After four years, the Council of the District of Columbia finally passed rules to regulate the burgeoning mobile food industry that seem to please all sides. Restaurant owners were hoping the new dining option would be a flash in the pan, but it seems the new rules and the food trucks are here to stay.
After a marathon hearing on proposed food truck regulations in May, it became clear the would-be rules needed “more time in the oven” as Benjamin Freed of DCist, put it. When the Restaurant Association Metropolitan Washington approved the original plan, the Food Truck Association of Metropolitan Washington claimed it would put its members out of business. But the revised rules, unanimously approved by the council, seem to be a compromise everyone can live with.
The proposal creates “mobile roadway vending zones” which lets truck operators win access to 180 designated mobile vending spots in a monthly lottery. The trucks must have at least six feet of unobstructed (parking meters do not count as obstructions) sidewalk by their parking space, reduced from 10 feet in the original proposal (which counted parking meters and other non-obstructions as obstructions). The bill also reduces the fine for parking at an expired meter — a change the food truck association pushed hard for — from $2,000 down to $50 for the first infraction and doubling for subsequent offenses. For those trucks not lucky enough to land spots in the lottery, they must be at least 200 feet away from the designated mobile vending zones — which is a reduction from the 500 feet in the original proposal. If an unassigned food truck parks in the spot of a vendor who won it in the lottery, the offending vendor could face a fine of $2,000.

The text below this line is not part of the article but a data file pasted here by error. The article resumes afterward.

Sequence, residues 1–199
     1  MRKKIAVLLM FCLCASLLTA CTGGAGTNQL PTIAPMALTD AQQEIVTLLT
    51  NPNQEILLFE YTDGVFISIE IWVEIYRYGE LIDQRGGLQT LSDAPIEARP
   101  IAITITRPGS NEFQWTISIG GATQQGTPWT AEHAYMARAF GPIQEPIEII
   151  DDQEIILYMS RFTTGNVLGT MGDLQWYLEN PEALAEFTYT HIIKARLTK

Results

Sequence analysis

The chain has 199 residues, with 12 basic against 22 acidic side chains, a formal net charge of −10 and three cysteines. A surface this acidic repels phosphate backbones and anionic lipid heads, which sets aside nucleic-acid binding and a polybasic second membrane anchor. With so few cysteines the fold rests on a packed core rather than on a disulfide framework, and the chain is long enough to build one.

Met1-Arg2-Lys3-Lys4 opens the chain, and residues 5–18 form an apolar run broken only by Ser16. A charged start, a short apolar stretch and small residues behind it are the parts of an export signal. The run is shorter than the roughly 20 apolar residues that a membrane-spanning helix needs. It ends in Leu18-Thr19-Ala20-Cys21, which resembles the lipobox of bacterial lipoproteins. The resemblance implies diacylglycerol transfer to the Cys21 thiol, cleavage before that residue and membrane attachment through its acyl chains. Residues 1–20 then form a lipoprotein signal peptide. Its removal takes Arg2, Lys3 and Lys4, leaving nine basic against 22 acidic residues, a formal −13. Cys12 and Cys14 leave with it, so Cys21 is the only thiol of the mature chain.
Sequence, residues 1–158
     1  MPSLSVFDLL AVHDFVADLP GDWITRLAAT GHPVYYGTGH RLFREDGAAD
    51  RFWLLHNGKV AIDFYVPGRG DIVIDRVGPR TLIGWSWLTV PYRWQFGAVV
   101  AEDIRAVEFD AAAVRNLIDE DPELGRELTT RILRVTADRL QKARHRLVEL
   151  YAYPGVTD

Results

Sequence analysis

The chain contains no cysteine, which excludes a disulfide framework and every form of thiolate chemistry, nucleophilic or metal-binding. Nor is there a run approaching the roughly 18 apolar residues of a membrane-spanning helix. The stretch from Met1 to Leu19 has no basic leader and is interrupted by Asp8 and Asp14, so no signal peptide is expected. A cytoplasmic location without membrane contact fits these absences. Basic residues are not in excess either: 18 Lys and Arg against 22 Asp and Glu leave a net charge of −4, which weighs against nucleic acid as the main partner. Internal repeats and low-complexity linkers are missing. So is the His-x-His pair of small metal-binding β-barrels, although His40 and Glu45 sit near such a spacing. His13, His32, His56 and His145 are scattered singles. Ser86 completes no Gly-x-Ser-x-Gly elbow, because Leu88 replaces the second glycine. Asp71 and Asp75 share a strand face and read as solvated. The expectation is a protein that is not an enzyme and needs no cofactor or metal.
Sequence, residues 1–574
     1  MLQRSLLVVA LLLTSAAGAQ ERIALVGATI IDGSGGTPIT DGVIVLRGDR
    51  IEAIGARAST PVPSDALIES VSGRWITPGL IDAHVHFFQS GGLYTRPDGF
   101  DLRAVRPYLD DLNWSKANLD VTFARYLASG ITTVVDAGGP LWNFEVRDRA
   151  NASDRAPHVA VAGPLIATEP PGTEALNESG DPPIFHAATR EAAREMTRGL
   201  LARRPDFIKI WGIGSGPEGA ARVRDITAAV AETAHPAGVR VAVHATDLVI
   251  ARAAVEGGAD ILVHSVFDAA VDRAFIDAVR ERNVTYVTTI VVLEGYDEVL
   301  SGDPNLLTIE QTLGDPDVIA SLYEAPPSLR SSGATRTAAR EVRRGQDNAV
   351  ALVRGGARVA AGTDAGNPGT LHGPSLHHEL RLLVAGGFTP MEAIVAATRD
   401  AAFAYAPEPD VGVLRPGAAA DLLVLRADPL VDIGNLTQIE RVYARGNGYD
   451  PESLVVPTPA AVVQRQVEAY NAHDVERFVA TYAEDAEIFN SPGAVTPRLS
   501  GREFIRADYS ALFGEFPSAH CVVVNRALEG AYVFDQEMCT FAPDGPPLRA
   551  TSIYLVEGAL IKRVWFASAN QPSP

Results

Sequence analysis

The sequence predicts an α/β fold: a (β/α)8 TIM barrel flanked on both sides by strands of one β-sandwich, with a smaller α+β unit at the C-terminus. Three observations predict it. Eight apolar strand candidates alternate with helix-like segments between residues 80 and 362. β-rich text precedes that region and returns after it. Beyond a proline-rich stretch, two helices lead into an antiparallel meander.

Despite heated rhetoric from both sides, and even outlandish claims that the food trucks could be used in terrorist plots, it appears this bill, which Mayor Vincent Gray is expected to sign before the June 22 deadline, solidifies food trucks’ place in the D.C. dining scene.